Various modifications and variations could be made to the invention without departing from the scope or spirit of the invention.
|Cited Patent||Filing date||Publication date||Applicant||Title|
|US4255042 *||Mar 26, 1979||Mar 10, 1981||International Business Machines Corporation||Light pipe for accurate erasure of photoconductor charge|
|US4284884 *||Apr 9, 1980||Aug 18, 1981||Northern Telecom Limited||Electro-optic devices|
|US4344691 *||Jun 23, 1980||Aug 17, 1982||International Business Machines Corporation||Zonal concentrator for accurate erasure of photoconductor charge|
|US4435064 *||Jun 24, 1981||Mar 6, 1984||Ricoh Co., Ltd.||Optical exposure unit for electrophotographic printing device|
|US4462662 *||Jun 15, 1981||Jul 31, 1984||Xerox Corporation||Imaging system utilizing a gradient index lens array compensated for non-uniform object illumination|
|US4576464 *||Dec 17, 1984||Mar 18, 1986||Mita Industrial Co., Ltd.||Charge eliminating lamp device|
|US4605943 *||Jan 16, 1984||Aug 12, 1986||Tokyo Shibaura Denki Kabushiki Kaisha||Composite optical semiconductor device|
|US4630180 *||Jun 7, 1985||Dec 16, 1986||Kabushiki Kaisha Toshiba||Light emitting diode array|
|US4641944 *||Jun 17, 1985||Feb 10, 1987||Canon Kabushiki Kaisha||Image exposing apparatus|
|US4721977 *||Nov 26, 1984||Jan 26, 1988||Kentek Information Systems, Inc.||Electrographic printer with abutting chips each having an array of charge-discharging elements|
|US4728982 *||Oct 21, 1985||Mar 1, 1988||Canon Kabushiki Kaisha||Image forming apparatus|
|US4734734 *||Jan 28, 1986||Mar 29, 1988||Canon Kabushiki Kaisha||Image forming apparatus and erasure illumination device therefor|
|JPS566480A *||Title not available|
|JPS5499586A *||Title not available|
|JPS5730389A *||Title not available|
|JPS51132983A *||Title not available|
|JPS59175174A *||Title not available|
|JPS60201678A *||Title not available|
|1||*||Physics of Semiconductor Devices, pp. 759 763 and pp. 398 402, (2d Ed.).|
|2||Physics of Semiconductor Devices, pp. 759-763 and pp. 398-402, (2d Ed.).|
|Citing Patent||Filing date||Publication date||Applicant||Title|
|US4893223 *||Jan 10, 1989||Jan 9, 1990||Northern Telecom Limited||Illumination devices for inspection systems|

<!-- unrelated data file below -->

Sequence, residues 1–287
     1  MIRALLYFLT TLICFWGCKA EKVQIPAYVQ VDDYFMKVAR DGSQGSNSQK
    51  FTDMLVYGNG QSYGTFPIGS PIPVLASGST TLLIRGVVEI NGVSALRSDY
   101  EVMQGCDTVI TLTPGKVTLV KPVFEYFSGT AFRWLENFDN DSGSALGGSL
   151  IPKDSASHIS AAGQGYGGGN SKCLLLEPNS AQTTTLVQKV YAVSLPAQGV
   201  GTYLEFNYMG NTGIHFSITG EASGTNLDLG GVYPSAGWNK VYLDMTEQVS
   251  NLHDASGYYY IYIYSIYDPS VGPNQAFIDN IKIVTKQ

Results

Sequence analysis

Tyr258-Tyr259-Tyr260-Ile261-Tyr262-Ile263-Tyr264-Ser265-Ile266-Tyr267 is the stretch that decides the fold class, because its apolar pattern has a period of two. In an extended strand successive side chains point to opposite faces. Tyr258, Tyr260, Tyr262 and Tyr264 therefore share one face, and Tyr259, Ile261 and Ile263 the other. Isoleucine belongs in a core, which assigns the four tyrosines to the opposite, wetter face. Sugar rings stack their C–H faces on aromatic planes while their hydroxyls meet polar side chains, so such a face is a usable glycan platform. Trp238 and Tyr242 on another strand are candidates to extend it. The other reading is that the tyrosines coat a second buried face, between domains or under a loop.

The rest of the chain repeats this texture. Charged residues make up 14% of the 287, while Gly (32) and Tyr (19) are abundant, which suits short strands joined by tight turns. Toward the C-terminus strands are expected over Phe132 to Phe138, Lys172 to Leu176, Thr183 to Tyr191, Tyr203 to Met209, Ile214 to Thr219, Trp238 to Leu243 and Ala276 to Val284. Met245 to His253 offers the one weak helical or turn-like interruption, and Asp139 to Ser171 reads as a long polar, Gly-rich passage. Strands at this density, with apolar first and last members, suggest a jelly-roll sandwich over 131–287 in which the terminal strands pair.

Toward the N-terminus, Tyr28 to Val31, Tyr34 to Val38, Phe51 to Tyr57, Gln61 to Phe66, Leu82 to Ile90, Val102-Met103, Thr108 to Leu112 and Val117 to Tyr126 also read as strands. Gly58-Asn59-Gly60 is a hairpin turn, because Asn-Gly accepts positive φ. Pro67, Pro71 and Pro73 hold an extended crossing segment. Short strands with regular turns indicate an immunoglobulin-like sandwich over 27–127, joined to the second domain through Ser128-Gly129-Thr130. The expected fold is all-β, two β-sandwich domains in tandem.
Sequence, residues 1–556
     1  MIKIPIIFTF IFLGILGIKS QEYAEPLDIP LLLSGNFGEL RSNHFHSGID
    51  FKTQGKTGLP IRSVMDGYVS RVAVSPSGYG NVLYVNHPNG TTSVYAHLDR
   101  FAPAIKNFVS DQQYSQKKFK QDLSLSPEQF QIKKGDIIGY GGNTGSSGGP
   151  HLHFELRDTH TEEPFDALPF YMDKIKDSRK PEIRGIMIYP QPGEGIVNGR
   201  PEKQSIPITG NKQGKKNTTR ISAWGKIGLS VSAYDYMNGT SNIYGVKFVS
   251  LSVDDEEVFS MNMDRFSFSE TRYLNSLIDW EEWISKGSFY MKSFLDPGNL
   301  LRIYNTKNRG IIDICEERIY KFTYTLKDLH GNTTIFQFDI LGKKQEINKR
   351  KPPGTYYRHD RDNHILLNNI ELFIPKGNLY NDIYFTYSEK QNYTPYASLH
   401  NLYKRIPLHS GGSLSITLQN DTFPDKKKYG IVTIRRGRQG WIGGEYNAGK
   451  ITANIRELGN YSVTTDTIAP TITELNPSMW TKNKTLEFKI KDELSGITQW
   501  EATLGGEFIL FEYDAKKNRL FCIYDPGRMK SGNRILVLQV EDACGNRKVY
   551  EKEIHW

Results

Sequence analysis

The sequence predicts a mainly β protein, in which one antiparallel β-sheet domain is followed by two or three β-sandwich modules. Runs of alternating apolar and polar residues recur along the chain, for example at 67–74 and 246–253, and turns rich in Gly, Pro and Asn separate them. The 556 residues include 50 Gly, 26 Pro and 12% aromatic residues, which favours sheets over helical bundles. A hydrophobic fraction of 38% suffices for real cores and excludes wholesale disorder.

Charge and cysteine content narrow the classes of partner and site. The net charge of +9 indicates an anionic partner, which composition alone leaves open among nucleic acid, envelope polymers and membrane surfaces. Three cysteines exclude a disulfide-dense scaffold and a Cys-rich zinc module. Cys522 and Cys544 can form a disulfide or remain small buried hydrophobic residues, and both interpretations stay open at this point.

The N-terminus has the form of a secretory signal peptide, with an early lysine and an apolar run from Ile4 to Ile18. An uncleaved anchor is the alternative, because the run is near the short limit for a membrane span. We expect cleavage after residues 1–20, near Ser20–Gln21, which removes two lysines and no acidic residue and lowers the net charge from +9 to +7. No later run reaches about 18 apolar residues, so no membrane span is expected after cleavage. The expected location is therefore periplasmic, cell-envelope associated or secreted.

|US4901207 *||Jun 9, 1988||Feb 13, 1990||Kabushiki Kaisha Toshiba||Light emission element array and manufacturing method thereof|
|US4963933 *||Oct 5, 1988||Oct 16, 1990||Hewlett-Packard Company||LED illuminator bar for copier|
|US5130761 *||Jul 15, 1991||Jul 14, 1992||Kabushiki Kaisha Toshiba||Led array with reflector and printed circuit board|
|US5144117 *||Feb 7, 1991||Sep 1, 1992||Alps Electric Co., Ltd.||Illumination type optical recorded information reading device|
|US5283425 *||Jan 29, 1993||Feb 1, 1994||Rohm Co., Ltd.||Light emitting element array substrate with reflecting means|
|US5300961 *||Dec 16, 1991||Apr 5, 1994||Xerox Corporation||Method and apparatus for aligning multiple print bars in a single pass system|
|US5341195 *||Aug 21, 1992||Aug 23, 1994||Fuji Xerox Co., Ltd.||Electrophotographic printer using electroluminescent imaging head|
|US5479289 *||Jul 20, 1994||Dec 26, 1995||Xerox Corporation||Method and apparatus for preparing imaged light|
|US5548120 *||Nov 14, 1994||Aug 20, 1996||Eastman Kodak Company||Linear integrating cavity light source for infra-red illumination of sensitized media|
|US5691760 *||Oct 12, 1995||Nov 25, 1997||Xerox Corporation||Photosensitive silicon chip having photosites spaced at varying pitches|
|US6096272 *||May 22, 1998||Aug 1, 2000||Becton Dickinson & Company||Automated microbiological testing apparatus and methods therefor|
|US6372485||May 17, 2000||Apr 16, 2002||Becton Dickinson And Company||Automated microbiological testing apparatus and method therefor|
|US6450664||Oct 2, 2000||Sep 17, 2002||Stockeryale (Irl) Limited||Linear illumination unit having plurality of LEDs|
|US6469808||May 12, 1999||Oct 22, 2002||Rohm Co., Ltd.||Image reading apparatus and illuminator used for the same|
|US6709126||Nov 22, 2002||Mar 23, 2004||Monte A. Leen||LED nightlight|
|US6726348||Mar 26, 2002||Apr 27, 2004||B/E Aerospace, Inc.||Illumination assembly and adjustable direction mounting|
|US7115384||Jan 28, 2002||Oct 3, 2006||Becton Dickinson And Company||Automated microbiological testing apparatus and method therefor|
|US7806574 *||Apr 16, 2007||Oct 5, 2010||Albeo Technologies, Inc.||Thermal management of LED-based lighting systems|
|US7903135 *||Mar 8, 2011||Ricoh Company, Ltd.||Optical scanning device and image forming apparatus for optimizing arrangement intervals in a main-scanning direction and a sub-scanning direction|